Originally posted by jbaker View Post
                      I've been going by the plans I downloaded off this site. Here's a cut and paste of the materials list for the Pompeii:
                      I see what you are referring too. On page 13, the foundation size is listed as 77" x 86". There seems to be a discrepancy. James?
                      Mike - Saginaw, MI

                      Picasa Web Album
                      My oven build thread

                      Comment


                      • #12
                        Re: Started digging, stopped digging. Water problems.

                        Don't sweat the little stuff. There's a few procedural errors and typos in the plans. Adjust and modify for your needs. Read them, then re-read them. They make sense and you will find the errors. This is not rocket science. Simple math will get you through. If you have a serious question that worries you, ask and you will be answered.
                        GJBingham
                        -----------------------------------
                        Everyone makes mistakes. The trick is to make mistakes when nobody is looking.

                        -

                        Comment


                        • #13
                          Re: Started digging, stopped digging. Water problems.

                          Why do they want the oven so far from the house? That is a lot of steps to take pizza fixins, meat or bread back and forth from the prep site. I just want to make sure you think of that.....I know nothing about foundations, etc.

                          Comment


                          • #14
                            Re: Started digging, stopped digging. Water problems.

                            Originally posted by krosskraft View Post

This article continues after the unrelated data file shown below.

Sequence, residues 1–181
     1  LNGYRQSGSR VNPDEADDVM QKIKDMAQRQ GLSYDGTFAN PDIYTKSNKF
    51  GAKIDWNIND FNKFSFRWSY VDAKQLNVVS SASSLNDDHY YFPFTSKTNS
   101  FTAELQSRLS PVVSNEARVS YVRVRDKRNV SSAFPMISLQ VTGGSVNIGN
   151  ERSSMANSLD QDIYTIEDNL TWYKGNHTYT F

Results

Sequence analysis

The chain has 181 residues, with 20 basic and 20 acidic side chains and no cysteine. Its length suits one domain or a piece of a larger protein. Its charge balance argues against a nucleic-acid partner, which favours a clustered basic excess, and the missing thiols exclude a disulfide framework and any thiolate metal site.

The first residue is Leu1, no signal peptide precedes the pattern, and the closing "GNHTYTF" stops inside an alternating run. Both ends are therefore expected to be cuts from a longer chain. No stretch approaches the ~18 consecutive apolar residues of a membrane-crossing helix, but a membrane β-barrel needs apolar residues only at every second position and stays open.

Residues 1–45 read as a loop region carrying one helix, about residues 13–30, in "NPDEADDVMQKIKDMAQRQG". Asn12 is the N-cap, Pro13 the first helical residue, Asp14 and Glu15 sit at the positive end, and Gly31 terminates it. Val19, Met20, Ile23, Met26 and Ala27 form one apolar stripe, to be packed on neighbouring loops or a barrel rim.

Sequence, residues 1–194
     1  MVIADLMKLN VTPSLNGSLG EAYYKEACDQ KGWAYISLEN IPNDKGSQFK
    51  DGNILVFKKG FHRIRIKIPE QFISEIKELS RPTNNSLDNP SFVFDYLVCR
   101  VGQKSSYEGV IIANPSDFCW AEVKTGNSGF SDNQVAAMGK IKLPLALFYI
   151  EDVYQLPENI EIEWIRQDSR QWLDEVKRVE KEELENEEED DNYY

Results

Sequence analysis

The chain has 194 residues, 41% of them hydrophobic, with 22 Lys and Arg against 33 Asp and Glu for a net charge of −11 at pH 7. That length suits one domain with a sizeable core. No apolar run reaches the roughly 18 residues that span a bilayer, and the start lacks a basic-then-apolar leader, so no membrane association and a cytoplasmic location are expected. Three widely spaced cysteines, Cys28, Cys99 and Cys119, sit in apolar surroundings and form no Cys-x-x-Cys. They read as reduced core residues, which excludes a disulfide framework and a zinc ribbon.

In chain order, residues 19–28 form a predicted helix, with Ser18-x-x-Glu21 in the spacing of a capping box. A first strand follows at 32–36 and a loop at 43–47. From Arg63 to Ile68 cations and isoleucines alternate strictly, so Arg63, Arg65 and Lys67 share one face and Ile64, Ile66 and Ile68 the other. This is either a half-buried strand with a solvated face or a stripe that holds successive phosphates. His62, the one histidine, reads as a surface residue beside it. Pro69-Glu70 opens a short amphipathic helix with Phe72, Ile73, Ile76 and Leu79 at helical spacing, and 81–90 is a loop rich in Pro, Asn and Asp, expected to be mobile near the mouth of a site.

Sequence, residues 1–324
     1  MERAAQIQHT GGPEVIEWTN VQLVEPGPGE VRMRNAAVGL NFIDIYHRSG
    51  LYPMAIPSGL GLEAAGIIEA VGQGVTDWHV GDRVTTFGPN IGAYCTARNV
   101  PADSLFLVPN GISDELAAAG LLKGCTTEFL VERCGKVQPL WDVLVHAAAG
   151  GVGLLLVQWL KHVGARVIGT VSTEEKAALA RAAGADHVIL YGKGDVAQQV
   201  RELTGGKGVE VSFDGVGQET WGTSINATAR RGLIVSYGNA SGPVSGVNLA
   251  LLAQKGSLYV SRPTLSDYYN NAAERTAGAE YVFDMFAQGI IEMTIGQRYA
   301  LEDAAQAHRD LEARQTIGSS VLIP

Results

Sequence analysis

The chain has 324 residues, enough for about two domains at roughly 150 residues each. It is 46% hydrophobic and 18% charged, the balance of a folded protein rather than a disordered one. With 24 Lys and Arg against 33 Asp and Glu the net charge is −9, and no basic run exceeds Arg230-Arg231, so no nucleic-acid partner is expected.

Why do they want the oven so far from the house? That is a lot of steps to take pizza fixins, meat or bread back and forth from the prep site. I just want to make sure you think of that...
                            I must agree.... Closer is
                            better.
                            My thread:
                            http://www.fornobravo.com/forum/f8/d...ress-2476.html
                            My costs:
                            http://spreadsheets.google.com/pub?k...Xr0fvgxuh4s7Hw
                            My pics:
                            http://picasaweb.google.com/dawatsonator

                            Comment


                            • #15
                              Re: Started digging, stopped digging. Water problems.

                              I would agree with the distance, this isn't a firepit where all will be sitting around chit chatting for hours - long way to haul good eats.
                              Sorry I can't help with the foundation. In FL we can pour a slab right on the ground (over a few inches of gravel or course). I grew up in northern Ohio with a 36" frostline but never experienced water problems nearly as bad as yours; just a minor basement leak or two and never any water issues in building many decks and fences where we had to dig down the 36".

                              What happened to UNO, our resident concrete/foundation expert? He would certainly have a viable answer.

                              RT